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We've experienced 4 AUTO_REPAIR_NODES events(revealed by the command gcloud container operations list) on our GKE cluster during the past 1 month. The consequence of node-auto-repair is that the node gets recreated and gets attached a new external IP, and the new external IP, which was not whitelisted by third-party services, eventually caused failure of services running on that the new node.

I noticed that we have "Automatic node repair" enabled in our Kubernetes cluster and felt tempted to disable that, but before I do that, I need to know more about the situation.

My questions are:

  1. What are some common causes that makes a node unhealthy in the first place? I'm aware of this article https://cloud.google.com/kubernetes-engine/docs/how-to/node-auto-repair#node_repair_process which says, "a node reports a NotReady status on consecutive checks over the given time threshold" would trigger auto repair. But what could cause a node to become NotReady?
  2. I'm also aware of this article https://kubernetes.io/docs/concepts/architecture/nodes/#node-status which mentions the full list of node status: {OutOfDisk, Ready, MemoryPressure, PIDPressure, DiskPressure, NetworkUnavailable, ConfigOK}. I wonder, if any of {OutOfDisk, MemoryPressure, PIDPressure, DiskPressure, NetworkUnavailable} becomes true for a node, would that node becomes NotReady?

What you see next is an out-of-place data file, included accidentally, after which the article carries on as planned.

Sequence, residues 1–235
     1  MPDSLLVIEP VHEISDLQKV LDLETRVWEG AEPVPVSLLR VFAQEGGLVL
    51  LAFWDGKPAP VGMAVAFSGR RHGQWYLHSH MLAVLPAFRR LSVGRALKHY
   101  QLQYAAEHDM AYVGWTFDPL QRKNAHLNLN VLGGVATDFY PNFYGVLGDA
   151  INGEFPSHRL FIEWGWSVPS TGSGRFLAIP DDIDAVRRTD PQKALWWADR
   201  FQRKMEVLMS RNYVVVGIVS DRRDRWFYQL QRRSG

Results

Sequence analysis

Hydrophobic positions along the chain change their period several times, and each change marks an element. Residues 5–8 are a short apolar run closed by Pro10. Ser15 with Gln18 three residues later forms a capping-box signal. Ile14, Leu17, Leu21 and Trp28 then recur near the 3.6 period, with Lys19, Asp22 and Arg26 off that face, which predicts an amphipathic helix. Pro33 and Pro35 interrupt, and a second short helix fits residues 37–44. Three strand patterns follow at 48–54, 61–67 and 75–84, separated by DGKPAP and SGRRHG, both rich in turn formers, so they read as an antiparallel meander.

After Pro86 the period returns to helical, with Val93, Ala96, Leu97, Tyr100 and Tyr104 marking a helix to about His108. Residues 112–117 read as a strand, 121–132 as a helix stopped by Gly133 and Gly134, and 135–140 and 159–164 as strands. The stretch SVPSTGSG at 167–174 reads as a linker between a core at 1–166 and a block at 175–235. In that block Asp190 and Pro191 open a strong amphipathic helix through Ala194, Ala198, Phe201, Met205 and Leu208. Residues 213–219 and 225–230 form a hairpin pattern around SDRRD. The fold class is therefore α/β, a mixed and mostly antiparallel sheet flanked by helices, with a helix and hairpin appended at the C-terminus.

3. What negative consequences could I get after I disable "Automatic node repair" in the cluster? I'm basically wondering whether we could end up in a worse situation than auto-repaired nodes and newly-attached-not-whitelisted IP. Once "Automatic node repair" is disabled, then for the pods that are running on an Unhealthy node that would've been auto-repaired, would Kubernetes create new pods on other nodes?
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  1. The master essentially performs a health check on the node. if the node can't respond, or if the node declares itself NotReady, it will be repaired by node autorepair. There is also a Node Problem detector on GKE nodes which can detect issues on the OS.

  2. Any of the mentioned conditions can cause the node to go into NotReady. There are some other possible factors as well such as repeating errors at the OS level.

  3. Turning off node auto repair can lead to nodes going NotReady and staying that way. Although in many occasions, the node will try to address the issue by either killing pods or processes, it is possible that a node gets stuck in NotReady

Rather than disabling node auto repair, I would recommend changing your setup due to the whitelisting requirement. Instead, you can setup a NAT gateway for all outbound GKE traffic; you can assign a static IP to the NAT and just worry about whitelisting that IP. You won't have to worry about the Nodes changing IPs anymore.

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